Williams continues to see strong demand for natural gas services on its midstream assets despite the higher price environment, with another record quarter of gathering and transmission volumes driving an increase in earnings guidance for 2021.
CEO Alan Armstrong said he was surprised at how inelastic demand for natural gas was during the third quarter, even as gas prices escalated. Benchmark Henry Hub prices rose from sub-$4.00/MMBtu levels in July to a peak of $5.93 in late September, according to NGI’s Daily Gas Price Index.
Discussing the quarterly results on a call with investors on Tuesday, Armstrong said the Tulsa-based midstream operator would prefer “more moderate” gas prices over the long haul. However, “the recent demand resilience highlights the near- and long-term role that natural gas will play as a complement to growing demand for renewable energy and emission reduction in general.”
Williams reported record quarterly gathering volumes of 14 Bcf/d and record quarterly contracted transmission capacity of 23.8 Bcf/d.
Armstrong touted the benefits of the portfolio of contracts, which were built to be “durable in the down cycles, but exposed to upside potential when it is available.” Additional upside is expected in the gathering and processing business because of the contract terms.
Production moving on the company’s assets totaled 232 MMcfe/d during the third quarter, largely from a joint venture with Crowheart Energy in the Wamsutter field of Wyoming’s Greater Green River Basin. Northeast gathering volumes rose 8% year/year to 470 MMcfe/d, with processing volumes up 22%.
Transcontinental Gas Pipe Line Co., or Transco, recorded 13.8 trillion Btu (TBtu) in average daily transportation volumes during 3Q2021, a gain of 1.0 TBtu/d from 3Q2020. Reserved capacity on the legacy long-haul pipeline ticked up 0.7 TBtu/d over the same period.
Before winter, the Leidy South expansion in Pennsylvania is set to come online, carrying about 600 MMcf/d to Atlantic Seaboard markets. The pipeline brought 125 MMcf/d of capacity online in November. The Transco Regional Energy Access (REA) pipeline also is under development.
More Expansions On The Way
In another show of the continued strong demand, Williams is set to announce in the coming weeks a third expansion of the Transco system.
Armstrong said the gathering volumes are growing at a rate of nearly 10 times the Lower 48 gas production volumes. In the Marcellus Shale, for example, Williams is “running a rate that is almost double that of our competitors. With projects like Leidy South and REA providing takeaway out of the basin, we expect our gathering volumes in the Northeast to remain resilient,” he said.
The expansions underscore management’s view that takeaway constraints in the region are not likely to develop in the near term. Armstrong said the difficulty of building pipeline projects has been a double-edged sword for the oil and gas industry, but for incumbent operators like Williams, it effectively expands the returns opportunities.
“Our customers certainly understand that it takes time to build these projects and that it takes long-term commitments to be built, and that’s what we’re continuing to see,” he said.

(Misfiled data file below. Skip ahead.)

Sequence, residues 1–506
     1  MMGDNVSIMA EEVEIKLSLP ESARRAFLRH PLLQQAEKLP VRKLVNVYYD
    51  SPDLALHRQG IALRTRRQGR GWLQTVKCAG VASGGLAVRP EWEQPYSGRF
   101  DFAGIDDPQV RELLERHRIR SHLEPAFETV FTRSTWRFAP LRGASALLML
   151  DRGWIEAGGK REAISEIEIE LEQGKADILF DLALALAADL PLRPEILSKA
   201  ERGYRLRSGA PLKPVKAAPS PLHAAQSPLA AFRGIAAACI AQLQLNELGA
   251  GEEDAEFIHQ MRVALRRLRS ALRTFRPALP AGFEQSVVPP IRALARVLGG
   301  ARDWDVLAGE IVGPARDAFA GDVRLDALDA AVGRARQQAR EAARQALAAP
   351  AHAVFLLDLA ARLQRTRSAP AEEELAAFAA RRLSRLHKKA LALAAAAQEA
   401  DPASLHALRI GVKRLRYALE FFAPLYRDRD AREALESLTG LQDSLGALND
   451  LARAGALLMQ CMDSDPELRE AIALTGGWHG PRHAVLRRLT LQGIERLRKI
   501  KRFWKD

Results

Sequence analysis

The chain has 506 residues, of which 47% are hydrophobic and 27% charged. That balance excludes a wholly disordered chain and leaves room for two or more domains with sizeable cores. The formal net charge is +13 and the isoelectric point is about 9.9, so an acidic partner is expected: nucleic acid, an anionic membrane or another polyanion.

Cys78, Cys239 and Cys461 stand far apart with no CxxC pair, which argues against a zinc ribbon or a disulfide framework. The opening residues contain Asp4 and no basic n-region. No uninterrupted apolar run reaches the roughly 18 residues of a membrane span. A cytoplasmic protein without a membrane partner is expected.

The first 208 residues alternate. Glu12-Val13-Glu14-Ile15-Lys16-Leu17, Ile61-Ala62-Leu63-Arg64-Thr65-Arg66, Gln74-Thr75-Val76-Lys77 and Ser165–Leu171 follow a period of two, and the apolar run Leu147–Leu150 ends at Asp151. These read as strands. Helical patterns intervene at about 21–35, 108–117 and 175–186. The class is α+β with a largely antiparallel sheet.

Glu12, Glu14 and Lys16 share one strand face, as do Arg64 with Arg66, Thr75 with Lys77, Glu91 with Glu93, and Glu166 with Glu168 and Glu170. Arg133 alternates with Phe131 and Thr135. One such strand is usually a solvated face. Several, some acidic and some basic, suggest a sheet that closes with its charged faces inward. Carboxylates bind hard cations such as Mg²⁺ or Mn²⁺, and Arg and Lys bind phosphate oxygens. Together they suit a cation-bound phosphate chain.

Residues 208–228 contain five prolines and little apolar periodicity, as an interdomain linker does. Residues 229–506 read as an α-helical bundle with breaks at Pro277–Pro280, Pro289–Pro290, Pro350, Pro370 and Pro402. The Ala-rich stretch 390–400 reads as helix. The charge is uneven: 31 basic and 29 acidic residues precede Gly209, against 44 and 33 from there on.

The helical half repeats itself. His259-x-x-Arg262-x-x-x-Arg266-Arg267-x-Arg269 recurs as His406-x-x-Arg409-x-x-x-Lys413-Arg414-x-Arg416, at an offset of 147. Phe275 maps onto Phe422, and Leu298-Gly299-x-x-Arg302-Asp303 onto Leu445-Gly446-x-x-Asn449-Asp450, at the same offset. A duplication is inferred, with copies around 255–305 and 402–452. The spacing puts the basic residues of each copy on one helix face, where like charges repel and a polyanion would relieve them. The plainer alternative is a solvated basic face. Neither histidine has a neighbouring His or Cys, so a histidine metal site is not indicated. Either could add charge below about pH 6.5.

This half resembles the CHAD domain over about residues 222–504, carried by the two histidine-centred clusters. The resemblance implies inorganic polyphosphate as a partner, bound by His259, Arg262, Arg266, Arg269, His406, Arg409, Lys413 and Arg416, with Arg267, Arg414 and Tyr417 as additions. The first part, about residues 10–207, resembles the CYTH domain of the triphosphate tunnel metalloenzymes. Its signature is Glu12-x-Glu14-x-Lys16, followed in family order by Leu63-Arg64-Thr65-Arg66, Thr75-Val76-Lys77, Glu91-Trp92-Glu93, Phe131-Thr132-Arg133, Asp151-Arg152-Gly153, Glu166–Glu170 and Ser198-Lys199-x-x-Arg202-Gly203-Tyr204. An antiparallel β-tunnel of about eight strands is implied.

In total, Williams is planning 1.5 Bcf/d of expansions along the existing Transco and Gulfstream corridors.
Asked whether Williams may revisit building the Bluebonnet Market Express pipeline from the Permian Basin, Armstrong said the focus is on projects built for the long term. Some projects, he said, have been built in response to basis price differentials. When prices weaken, the project is out of the money.
Midstream peer Kinder Morgan Inc. indicated last month that it could see another Permian conduit needed by 2024, with commercial discussions still in the early stages.
Crawling Before Walking
Williams is banking on its natural gas infrastructure to bridge the gap between the energy needs of today and the lower carbon future of the future.
Williams recently announced a partnership with Denmark’s Ørsted A/S to co-develop hydrogen or synthetic natural gas facilities powered by renewable energy. The companies pledged to explore a large-scale wind energy, electrolysis and synthetic gas-via-methanation project in western Wyoming, where Williams owns land and natural gas infrastructure.
“Those are big ambitions” that are in the earnings innings, according to Armstrong. The “pieces are coming together, and we’re going to start by crawling before we walk.”
The midstream also is looking at expanding renewable natural gas (RNG) and is incorporating solar capacity into its queue of projects. Williams recently signed an inconnect agreement that should enable up to 10 MMcf/d of RNG to be transported on its systems. In-service is expected by 2023.
“Williams’ transmission and storage networks are extremely well positioned to aggregate and bring scale to multiple emission reduction opportunities, taking out higher carbon fuels, while supporting renewable energy and emerging opportunities, like hydrogen and carbon capture,” Armstrong said.
Williams reported 3Q2021 net income of $164 million (13 cents/share), down from $308 million (25 cents) in the year-ago period.
The company has raised the midpoint of 2021 earnings guidance to $5.5 billion, which is $325 million higher than guidance issued in February and 8% higher than last year.
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